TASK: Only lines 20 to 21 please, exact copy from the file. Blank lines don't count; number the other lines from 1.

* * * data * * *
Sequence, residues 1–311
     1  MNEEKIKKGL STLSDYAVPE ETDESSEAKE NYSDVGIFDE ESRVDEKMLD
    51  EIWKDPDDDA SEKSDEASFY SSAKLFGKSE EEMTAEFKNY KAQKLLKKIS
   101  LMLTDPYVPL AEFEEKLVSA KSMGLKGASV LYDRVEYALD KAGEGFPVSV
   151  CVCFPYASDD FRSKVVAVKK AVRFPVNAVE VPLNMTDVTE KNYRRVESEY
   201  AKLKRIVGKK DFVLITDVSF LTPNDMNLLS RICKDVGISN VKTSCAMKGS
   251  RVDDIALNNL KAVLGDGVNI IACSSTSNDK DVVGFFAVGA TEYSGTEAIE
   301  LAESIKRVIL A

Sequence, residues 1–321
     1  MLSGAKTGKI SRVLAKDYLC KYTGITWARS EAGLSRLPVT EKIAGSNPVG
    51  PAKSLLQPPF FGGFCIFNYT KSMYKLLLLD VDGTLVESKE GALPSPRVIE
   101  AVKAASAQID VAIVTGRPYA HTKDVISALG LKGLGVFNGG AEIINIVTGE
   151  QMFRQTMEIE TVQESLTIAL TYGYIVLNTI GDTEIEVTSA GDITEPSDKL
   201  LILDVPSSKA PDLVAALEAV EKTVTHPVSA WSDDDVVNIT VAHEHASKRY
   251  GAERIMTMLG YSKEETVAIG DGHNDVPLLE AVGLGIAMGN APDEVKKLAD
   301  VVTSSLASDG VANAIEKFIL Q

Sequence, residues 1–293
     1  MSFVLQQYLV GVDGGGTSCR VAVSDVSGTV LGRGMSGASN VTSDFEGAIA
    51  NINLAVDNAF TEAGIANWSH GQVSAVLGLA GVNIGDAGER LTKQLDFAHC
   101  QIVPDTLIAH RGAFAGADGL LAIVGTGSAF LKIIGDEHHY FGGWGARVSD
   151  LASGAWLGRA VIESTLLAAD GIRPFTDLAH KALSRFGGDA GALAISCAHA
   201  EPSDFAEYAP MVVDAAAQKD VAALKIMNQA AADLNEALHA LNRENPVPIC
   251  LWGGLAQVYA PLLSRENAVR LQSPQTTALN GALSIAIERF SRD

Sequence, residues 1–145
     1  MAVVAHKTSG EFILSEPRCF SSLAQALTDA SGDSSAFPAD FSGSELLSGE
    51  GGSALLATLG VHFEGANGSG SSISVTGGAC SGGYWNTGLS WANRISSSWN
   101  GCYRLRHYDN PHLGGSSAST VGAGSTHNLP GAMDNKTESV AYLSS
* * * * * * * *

   101  QIVPDTLIAH RGAFAGADGL LAIVGTGSAF LKIIGDEHHY FGGWGARVSD
   151  LASGAWLGRA VIESTLLAAD GIRPFTDLAH KALSRFGGDA GALAISCAHA